Likewise, The Honeymooners was a landmark show which similarly influenced generations of shows that followed. Jackie Gleason, who starred as Ralph Kramden, was very much interested in all manner of weird topics. He was especially interested in UFOs, and allegedly accompanied then-sitting President Richard Nixon to view retrieved alien bodies and craft specimens. He appeared on talk shows to discuss Flying Saucers, and had an immense library of books on the paranormal which are now archived at the University of Miami, in Florida. He even had a custom built house built in New York shaped like a flying saucer.
Of course, aliens are no stranger to the sitcom multiverse. My Favorite Martian, ALF, Third Rock From the Sun, and Mork and Mindy are all examples of sitcoms with lovable alien characters. Mork and Mindy was a spinoff of an alien themed episode of Happy Days, and even shows like The Golden Girls have episodes that at least reference UFO phenomena. The 1960s in particular had other weird subjects featured, in such shows as Bewitched and I Dream of Jeannie, which in their own way introduced and normalized magic to audiences. The Addams Family brought to life the characters from comic strips by Charles Addams, which in turn inspired the repurposing of Universal monsters for the show The Munsters. These shows proved that even the spooky, kooky, and ooky among us can be loved by audiences, and perhaps they hinted at some of the weird origins of the medium. The enduring popularity of these shows in their recent adaptations prove that it's a message that still resonates, and continues to expand.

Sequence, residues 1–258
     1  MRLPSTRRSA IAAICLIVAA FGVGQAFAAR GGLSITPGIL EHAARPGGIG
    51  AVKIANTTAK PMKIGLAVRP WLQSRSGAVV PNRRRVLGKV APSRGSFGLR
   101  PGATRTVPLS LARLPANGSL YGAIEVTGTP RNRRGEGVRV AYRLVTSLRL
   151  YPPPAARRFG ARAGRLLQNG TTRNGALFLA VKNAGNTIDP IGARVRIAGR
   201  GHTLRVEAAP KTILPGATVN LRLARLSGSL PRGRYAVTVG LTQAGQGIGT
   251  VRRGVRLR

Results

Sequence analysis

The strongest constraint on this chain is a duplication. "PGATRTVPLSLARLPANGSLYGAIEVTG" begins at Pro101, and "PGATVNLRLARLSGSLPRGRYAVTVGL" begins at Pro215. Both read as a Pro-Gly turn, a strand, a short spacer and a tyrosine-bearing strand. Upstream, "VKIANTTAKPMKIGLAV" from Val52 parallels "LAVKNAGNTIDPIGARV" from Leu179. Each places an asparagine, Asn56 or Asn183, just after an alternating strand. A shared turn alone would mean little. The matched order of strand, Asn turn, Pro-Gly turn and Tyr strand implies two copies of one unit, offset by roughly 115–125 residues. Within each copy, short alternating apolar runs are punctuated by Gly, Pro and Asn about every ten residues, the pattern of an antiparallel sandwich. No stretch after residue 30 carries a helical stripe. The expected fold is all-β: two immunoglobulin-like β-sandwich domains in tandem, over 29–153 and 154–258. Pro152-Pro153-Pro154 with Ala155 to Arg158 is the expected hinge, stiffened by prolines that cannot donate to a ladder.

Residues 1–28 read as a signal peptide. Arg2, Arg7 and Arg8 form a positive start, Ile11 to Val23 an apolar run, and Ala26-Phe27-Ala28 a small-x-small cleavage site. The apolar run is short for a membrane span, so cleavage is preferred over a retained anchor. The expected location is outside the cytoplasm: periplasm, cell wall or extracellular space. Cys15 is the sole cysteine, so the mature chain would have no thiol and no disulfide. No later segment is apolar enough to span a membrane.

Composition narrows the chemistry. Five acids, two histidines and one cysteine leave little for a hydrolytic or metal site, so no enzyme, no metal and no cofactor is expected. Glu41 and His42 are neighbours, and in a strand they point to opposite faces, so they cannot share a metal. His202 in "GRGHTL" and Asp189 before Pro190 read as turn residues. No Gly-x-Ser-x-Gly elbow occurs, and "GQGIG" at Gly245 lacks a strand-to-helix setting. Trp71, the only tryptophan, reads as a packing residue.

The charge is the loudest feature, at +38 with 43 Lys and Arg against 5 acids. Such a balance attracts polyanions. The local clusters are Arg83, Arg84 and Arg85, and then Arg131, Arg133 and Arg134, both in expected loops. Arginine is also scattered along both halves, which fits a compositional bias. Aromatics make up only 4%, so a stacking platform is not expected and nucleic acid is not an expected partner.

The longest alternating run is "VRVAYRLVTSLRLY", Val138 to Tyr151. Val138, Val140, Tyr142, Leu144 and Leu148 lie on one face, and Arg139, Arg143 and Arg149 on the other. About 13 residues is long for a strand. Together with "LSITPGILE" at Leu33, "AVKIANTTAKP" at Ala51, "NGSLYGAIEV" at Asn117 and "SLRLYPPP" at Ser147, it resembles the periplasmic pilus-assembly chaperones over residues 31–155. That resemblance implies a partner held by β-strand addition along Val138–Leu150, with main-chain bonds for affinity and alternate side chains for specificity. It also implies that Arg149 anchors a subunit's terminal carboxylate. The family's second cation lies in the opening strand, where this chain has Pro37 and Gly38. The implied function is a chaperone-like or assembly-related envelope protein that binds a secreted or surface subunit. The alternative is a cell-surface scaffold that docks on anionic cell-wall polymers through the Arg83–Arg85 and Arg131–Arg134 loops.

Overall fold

Regardless of the type of show, the era in which it first aired, or how you consume it, for many of us the sitcom is a form of escapism. Like the theme song to Cheers says, "You want to be where you can see / our troubles are all the same / you wanna go where everybody knows your name". Whether that's a basement bar under a restaurant in Boston or the idyllic town of Mayberry, whether it's in a paper sales office in Scranton or in an apartment in New York, we find comfort in these soundstage environs as much as we do on the couch from which we view them. Wouldn't you like to get away?